EVERY VIDEO OF YOURS THAT I WATCHED WAS ENTERTAINING. EACH HAD A MESSAGE, AND EVERYONE ON SCREEN WAS HAVING A GOOD TIME. TELL ME ABOUT HOW YOU KEEP THIS PLATFORM FUN FOR THOSE WHO ARE INVOLVED WITH IT.

We have a message we want to get across, but we don’t want to be preachy or condescending. No one wants that, and it’s not helpful. That’s why we try to approach every video with an empathetic, relatable tone or in a fun way. For the most part, we don’t force anyone to be on camera when they don’t want to be, so everyone you see in our videos wants to be part of them, and I think that makes a big difference—there is no faking the fun involved, because everyone  wants to be involved. I’m lucky enough to work with a ton of really fun, creative people, who are always willing to lend a hand and be silly when needed.

WHO ARE THE PEOPLE RUNNING THE TIKTOK? WHO IS INVOLVED IN THE PRODUCTIONS?

Hailey McCulloughFor the longest time, it was just me running the TikTok account. I would pull in people to help film where needed, but the ideas, editing, and monitoring were all done by me. During the summer months, I would pass off some of the responsibilities to our summer students, but I took on most of the responsibility for our library’s account. As our account has grown and I have switched jobs within my library, I found I needed a co-pilot for the account, so I brought on Hailey McCullough (right), our head of adult services. She’s done a fantastic job of filling in when I’m unavailable, and she comes up with some really good ideas—and she’s always up for doing a TikTok Live with me.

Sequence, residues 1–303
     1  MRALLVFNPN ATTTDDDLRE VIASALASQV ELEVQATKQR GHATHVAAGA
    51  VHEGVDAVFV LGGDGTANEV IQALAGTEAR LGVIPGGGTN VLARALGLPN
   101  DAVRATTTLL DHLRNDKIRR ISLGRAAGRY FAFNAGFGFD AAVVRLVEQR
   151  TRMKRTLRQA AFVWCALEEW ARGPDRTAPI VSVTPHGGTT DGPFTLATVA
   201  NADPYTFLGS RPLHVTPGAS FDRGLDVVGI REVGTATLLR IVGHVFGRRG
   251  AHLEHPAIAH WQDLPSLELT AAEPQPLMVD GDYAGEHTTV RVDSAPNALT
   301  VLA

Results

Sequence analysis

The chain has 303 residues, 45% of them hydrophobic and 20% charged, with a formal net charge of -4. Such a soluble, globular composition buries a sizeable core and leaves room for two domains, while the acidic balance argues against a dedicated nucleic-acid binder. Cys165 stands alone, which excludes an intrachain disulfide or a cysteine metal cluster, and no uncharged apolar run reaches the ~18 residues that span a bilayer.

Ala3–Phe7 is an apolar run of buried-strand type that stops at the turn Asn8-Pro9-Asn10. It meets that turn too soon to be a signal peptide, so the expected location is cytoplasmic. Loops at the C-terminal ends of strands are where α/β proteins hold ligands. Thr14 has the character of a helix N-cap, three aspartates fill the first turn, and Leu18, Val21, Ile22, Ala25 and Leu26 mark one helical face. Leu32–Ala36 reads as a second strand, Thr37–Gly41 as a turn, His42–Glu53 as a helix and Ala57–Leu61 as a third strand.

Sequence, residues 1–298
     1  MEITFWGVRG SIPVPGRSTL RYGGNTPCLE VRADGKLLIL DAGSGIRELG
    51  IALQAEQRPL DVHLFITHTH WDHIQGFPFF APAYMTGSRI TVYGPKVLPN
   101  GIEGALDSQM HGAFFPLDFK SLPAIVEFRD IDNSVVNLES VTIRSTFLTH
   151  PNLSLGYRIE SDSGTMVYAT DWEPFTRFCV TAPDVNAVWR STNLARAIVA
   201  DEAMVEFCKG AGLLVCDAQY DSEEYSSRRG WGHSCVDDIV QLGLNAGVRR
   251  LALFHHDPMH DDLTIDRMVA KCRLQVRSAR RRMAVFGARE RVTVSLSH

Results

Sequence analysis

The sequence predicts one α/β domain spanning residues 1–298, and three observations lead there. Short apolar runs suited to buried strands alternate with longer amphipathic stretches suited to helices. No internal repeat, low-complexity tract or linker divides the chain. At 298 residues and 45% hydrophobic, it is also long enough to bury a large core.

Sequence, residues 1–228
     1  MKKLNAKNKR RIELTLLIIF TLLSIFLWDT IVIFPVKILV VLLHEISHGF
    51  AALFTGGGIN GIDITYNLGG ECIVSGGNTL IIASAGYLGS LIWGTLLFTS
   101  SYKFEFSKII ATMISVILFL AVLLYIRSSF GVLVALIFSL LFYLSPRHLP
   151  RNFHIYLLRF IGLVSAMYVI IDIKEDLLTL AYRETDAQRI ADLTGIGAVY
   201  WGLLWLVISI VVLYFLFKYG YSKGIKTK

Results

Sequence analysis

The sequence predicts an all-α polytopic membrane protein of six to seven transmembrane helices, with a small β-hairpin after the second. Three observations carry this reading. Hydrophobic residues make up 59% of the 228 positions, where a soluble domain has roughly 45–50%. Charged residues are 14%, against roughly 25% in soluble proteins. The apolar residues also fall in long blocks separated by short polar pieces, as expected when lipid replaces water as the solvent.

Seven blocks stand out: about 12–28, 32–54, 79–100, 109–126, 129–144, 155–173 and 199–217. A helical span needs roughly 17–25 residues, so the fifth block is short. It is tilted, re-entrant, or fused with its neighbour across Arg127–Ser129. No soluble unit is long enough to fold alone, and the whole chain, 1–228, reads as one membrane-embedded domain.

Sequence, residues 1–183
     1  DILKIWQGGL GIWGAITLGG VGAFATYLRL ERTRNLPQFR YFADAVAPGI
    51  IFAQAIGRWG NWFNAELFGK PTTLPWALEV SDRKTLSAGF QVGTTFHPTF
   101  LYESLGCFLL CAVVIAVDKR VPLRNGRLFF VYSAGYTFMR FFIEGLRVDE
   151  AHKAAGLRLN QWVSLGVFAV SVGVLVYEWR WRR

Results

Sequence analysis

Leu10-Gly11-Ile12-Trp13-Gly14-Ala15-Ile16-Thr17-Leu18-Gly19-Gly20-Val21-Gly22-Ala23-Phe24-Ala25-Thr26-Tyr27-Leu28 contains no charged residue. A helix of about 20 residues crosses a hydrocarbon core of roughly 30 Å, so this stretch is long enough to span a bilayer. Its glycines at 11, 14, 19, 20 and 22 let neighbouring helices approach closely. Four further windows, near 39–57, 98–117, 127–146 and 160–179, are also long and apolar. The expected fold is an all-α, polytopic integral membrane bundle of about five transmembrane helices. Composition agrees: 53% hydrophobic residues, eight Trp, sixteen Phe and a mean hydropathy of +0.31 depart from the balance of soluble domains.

WHAT DOES IT TAKE TO PREPARE, RECORD, AND EDIT A VIDEO?

In my experience, all it takes is a good idea, a passionate opinion, and a few minutes for 10–20 takes, and you have a video. It’s important to know what you want your account to be about and to focus on that niche. Then it’s about finding TikTok trends and creatively shaping them to fit your niche. The more you do it, the easier it gets.

Some videos are trickier to film and edit than others, especially if you’re doing a bunch of cuts and trying to line everything up to fit a sound. But just like everything else, it just takes some practice. Some people use fancy equipment like ring lights and phone stands. I literally prop my phone up wherever it fits and just roll with it. You can make things as complicated and expensive or as cheap and simple as you want. We even brought in a leaf blower for one of our ghost videos—it made for an awesome effect.

WHAT ARE SOME IDEAS YOU HAVE FOR HOW YOU’RE GOING TO CONTINUE TO USE TIKTOK TO CONNECT WITH YOUR COMMUNITY?

To be honest, I never really know what the plan is! I film as ideas come or as topics arise that I feel I want to speak on. Right now, the goal is to keep showing people that we are a safe space and keep showing other libraries what being a safe space looks like.

LINKS TO THE SOURCES

For more on TikTok in libraries, make sure you check out “Librarians Are Meeting Younger Readers Where They Are: TikTok” by Lora Kelley, from The New York Times , Dec. 30, 2022.
nytimes.com/2022/12/30/ books/librarians-tiktok.html

To learn more about what Bailey Randolph is doing at the Grande Prairie Public Library, visit its TikTok.
tiktok.com/@gppubliclibrary


Justin Hoenke is a library consultant who is interested in public libraries as community centers, supporting youth services staff to help them achieve their goals, and video game collection development. You can learn more about his work in libraries at justinthelibrarian.com. Hoenke previously worked in public libraries across the U.S. and New Zealand in leadership and youth services. Send your comments about this article to itletters@infotoday.com or tweet us (@ITINewsBreaks).